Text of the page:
Saturday, 1 December 2012

A Brown study

As a bit of relief from all those Joneses (don't worry there are plenty more!), I'm switching to the maternal side starting with Richard Brown (yet another Richard!) my great great great grandfather. He was born in Benton, Northumberland to ( and I've yet to confirm this in the parish records) to Philip Brown and Elisabeth in 1792/3.

He married Mary Oughton in Washington, Co Durham (ancestral home of George Washington it would seem) on Christmas Eve 1812 - so very nearly 200 years ago. Children Richard, John, Jane, George, Philip, Margaret and Elizabeth Mary came at regular 2 year intervals but in the two years between Elizabeth and the next child, Mary Ann they moved to West Auckland/St Helen Auckland. There they added Mary Ann, Ralph Oughton and Thomas Lumsden; and with these last two, the introduction of other family surnames which so helps mark them out and lightens the load of the family historian.

I presume the moving was to do with Richard's work; it's interesting to follow the progression on censuses and various certificates. The first confirmation I have is with Thomas Lumsden's birth certificate - the first the family would've needed as they were introduced in 1837 the year TLB was born - where Richard is described as an overman.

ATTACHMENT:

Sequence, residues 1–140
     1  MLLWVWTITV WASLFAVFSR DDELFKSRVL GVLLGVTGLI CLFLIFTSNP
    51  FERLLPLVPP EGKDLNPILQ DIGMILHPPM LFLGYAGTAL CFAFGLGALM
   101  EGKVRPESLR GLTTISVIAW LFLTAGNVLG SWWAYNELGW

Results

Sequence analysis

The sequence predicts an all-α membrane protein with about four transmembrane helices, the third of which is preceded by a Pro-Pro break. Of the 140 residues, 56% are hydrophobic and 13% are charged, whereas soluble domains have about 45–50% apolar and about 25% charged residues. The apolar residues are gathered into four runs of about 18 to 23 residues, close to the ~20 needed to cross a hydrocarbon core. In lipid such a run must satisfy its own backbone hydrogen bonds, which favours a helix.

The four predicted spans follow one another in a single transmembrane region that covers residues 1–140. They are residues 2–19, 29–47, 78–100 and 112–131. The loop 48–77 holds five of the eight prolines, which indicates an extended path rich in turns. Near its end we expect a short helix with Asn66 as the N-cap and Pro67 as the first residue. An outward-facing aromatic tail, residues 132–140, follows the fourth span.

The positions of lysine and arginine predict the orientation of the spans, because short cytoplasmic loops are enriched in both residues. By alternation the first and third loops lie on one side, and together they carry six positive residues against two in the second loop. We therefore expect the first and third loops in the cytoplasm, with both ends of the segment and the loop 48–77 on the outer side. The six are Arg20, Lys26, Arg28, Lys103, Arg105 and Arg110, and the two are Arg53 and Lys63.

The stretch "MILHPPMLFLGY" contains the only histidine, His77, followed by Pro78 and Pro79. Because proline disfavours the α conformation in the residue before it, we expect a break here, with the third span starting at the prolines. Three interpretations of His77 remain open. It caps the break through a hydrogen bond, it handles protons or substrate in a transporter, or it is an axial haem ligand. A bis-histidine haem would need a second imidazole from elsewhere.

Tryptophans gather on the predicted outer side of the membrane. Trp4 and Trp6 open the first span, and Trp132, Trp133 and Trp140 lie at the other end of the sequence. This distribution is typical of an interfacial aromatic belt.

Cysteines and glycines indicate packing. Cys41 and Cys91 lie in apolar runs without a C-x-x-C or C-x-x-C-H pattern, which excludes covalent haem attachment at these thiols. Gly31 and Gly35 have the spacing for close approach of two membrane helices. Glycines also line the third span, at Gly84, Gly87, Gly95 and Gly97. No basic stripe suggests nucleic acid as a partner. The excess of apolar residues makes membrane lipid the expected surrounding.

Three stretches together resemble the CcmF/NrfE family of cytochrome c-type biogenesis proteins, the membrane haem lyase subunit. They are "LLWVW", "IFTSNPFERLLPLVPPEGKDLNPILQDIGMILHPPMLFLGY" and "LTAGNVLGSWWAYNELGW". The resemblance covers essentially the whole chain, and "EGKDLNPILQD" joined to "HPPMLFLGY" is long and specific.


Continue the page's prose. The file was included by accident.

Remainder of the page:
The Durham Mining Museum website: (and well worth a visit) describes an overman as 'one who inspects the state of the mine every morning before the men go to work. He also keeps a daily account of the mens' labour. An overman is almost invariably a man who has passed through all the graduations of pit work, from the trapper upwards, and who has been raised to his situation on account of his ability and steadiness. An overman's wages in 1849 were 26s. to 28s. per week, with house, garden, and coals gratis'.

By the time son Philip was married in 1846, Richard was a viewer: more or less the manager of both underground and surface work. I'd like to find out more about the locations/mines where Richard worked and to see if there are any records that mention him but there are many Brown families in this area and in any case, by the time daughter Margaret married in 1847, Richard had become a railway inspector. Why the change, were railways safer to work on? Had there been a colliery accident? Was he headhunted? He's still a railway inspector in the 1851 census and the family has moved to Shildon but Richard's death certificate puts the family back in West Auckland; he died on 31 July 1859 of 'disease of the liver', the informant being TLB, present at the death. Perhaps surprisingly, Richard's occupation is noted as being 'grocer' but wife Mary, a widow in the 1861 census is listed as 'grocer and woollen and lace draper so it might've been something they turned to to gain extra income.

Richard and Mary's children had interesting careers; there's more research to do but I think the eldest Richard became a 'practical engineer', Jane married George Hall and their son Richard Brown Hall (there's that so useful interjection of a family surname that helps you know you're on the right track) married a Tweddle/Tweddell (which is coincidentally another branch of my maternal family); Philip Brown became a physician, Margaret married Thomas Riley who had a hand in apprehending Mary Ann Cotton; Elizabeth married (a cousin I think) the wonderfully named Burdett Lambton Brown and they will have a post of their own - I'm very fond of Burdett. And then there's  gg grandfather Thomas Lumsden Brown - TLB - but that's a story for another day.

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